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Navigating Databases: EBSCO/ATLA

A Guide for using databases

What's in EBSCO?

  • ATLASerials Religion PLUS 
    ATLAS PLUS provides expanded access to the full text of 450 journals, as well as indexing for a total of 2,000 journals.  
    Note: Restricted to current students, faculty, and staff. Alumni, see ATLASerials for Alum
  • OmniFile Full Text Select 
    OmniFile Full Text Select is a multi-disciplinary database providing indexing, abstracts, and full text for articles from over 2,500 journals and periodicals. 
    Note: Access: Current students, faculty, staff, on campus visitors
  • Old Testament Abstracts 
    A index of abstracts in Old Testament literature. Login as you would to ATLA.
    Note: Access: Current students, faculty, staff, on campus visitors
  • New Testament Abstracts 
    An index to abstracts on New Testament research. Access this as you would ATLA.
    Note: Access: Current students, faculty, staff, on campus visitors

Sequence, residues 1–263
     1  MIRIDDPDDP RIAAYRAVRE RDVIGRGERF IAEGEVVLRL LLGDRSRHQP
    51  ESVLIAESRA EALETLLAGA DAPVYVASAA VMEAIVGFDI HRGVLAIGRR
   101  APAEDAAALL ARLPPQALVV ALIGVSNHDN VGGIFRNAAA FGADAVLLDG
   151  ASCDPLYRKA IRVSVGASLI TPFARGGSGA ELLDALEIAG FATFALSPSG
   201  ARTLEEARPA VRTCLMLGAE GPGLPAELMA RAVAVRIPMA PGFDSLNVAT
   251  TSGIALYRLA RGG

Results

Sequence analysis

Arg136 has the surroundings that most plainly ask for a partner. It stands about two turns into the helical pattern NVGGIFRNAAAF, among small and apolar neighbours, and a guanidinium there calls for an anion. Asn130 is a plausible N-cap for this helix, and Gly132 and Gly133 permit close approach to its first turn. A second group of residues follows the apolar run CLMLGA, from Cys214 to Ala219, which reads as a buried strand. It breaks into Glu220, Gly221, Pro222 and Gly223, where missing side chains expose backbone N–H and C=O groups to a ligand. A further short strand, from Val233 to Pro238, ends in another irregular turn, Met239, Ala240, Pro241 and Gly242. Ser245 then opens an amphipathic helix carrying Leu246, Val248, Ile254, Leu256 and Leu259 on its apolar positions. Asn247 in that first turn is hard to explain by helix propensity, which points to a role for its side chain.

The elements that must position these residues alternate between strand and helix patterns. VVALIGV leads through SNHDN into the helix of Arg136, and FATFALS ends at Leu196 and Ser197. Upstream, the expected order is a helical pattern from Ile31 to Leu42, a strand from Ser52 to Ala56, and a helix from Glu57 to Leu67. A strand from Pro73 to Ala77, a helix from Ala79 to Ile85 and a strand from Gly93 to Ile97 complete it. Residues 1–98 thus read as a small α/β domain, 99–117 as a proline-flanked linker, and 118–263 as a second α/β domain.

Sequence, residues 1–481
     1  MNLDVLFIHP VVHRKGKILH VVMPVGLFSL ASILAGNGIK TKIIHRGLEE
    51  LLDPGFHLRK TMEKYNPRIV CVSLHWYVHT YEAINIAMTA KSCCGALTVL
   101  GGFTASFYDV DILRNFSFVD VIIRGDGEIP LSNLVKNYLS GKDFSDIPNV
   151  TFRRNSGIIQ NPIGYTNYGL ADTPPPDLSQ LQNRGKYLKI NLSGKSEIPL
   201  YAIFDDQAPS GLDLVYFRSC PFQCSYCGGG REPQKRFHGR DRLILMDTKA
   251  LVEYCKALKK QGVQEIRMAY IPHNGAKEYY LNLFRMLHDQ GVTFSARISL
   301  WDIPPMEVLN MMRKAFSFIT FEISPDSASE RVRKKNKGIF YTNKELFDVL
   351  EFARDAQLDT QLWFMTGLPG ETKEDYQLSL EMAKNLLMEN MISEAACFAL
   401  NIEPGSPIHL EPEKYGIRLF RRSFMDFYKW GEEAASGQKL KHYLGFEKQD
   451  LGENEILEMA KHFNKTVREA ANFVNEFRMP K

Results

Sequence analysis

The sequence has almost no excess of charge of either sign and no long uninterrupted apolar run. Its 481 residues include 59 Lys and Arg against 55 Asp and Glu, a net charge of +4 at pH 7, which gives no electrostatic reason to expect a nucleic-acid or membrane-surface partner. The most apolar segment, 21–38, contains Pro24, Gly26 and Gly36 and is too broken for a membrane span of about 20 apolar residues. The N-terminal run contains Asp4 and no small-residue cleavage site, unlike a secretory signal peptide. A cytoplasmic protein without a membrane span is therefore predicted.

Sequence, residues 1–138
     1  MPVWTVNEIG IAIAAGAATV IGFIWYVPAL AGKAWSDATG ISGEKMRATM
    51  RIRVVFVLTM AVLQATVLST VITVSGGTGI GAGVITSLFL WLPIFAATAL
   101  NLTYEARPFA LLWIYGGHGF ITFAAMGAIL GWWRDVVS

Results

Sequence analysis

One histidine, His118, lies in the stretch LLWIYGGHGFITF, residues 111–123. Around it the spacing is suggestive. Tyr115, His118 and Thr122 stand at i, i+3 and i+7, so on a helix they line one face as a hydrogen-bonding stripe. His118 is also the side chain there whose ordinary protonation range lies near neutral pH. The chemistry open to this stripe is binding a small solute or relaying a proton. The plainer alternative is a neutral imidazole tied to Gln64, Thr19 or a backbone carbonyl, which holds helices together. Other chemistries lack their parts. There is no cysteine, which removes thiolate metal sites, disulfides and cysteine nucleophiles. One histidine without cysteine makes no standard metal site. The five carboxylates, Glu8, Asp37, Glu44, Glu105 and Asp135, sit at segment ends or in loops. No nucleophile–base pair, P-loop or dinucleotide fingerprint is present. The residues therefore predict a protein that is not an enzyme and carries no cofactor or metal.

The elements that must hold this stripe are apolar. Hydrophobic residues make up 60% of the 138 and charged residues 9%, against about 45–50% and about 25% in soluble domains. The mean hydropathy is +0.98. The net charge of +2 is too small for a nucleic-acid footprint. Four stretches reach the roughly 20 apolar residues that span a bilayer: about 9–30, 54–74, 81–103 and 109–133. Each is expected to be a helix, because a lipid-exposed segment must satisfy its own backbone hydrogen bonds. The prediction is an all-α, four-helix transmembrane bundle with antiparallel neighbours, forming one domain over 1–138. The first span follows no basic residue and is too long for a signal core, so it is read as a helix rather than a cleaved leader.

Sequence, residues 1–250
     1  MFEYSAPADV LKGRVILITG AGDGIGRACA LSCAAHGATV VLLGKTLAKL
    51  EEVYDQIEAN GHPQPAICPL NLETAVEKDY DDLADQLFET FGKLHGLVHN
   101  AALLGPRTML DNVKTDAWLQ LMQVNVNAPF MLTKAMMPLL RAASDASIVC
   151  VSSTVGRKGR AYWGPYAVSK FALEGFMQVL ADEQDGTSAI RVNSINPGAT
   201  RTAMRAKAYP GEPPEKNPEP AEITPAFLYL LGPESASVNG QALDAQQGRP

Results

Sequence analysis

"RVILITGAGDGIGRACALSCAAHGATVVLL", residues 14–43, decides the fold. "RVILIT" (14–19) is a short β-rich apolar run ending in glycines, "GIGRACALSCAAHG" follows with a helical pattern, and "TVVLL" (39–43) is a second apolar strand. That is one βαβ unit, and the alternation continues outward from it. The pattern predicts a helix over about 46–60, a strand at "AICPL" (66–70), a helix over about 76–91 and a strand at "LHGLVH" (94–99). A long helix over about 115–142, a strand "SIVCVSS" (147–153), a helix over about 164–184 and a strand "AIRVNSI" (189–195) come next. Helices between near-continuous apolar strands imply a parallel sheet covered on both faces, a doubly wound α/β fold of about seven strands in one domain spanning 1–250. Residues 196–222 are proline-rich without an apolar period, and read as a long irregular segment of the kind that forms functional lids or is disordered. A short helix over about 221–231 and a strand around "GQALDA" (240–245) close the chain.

• American Antiquarian Society Historical Periodicals, 1684-1820 
    The most comprehensive collection of historical periodicals published in America between 1684 and 1912.
    Note: Access: current students, faculty, staff, on campus visitors
  • ATLASerials for Alum 

    Note: Alumni of the seminary and its predecessor seminaries must contact the Alumni Relations Office for login informaiton.

Basics of EBSCO

Advanced Searching

Improving your Searches

ATLA Serials

This webpage has training videos for utilizing Atla Products, such as AtlaSerials, New Testament Abstracts, and Old Testament Abstracts:

Citing Within EBSCO


The land on which United Lutheran Seminary sits, and which stretches between its two campuses, is tribal land, inhabited originally by the Lenni Lenape, the Susquehannock, and the Seneca tribes. We honor those original caretakers of this land, and we pay respect to the original inhabitants of what we now call Pennsylvania. Acknowledging this history is consistent with the seminary’s commitment to welcome and equity, which calls us in Christ to repentance, reconciliation, and wholeness. Even though the sad history of colonization cannot be undone, this land acknowledgement is one small way for us to remember what happened here, to understand our part in this story, and to develop a more healthy relationship with the land and its original inhabitants.


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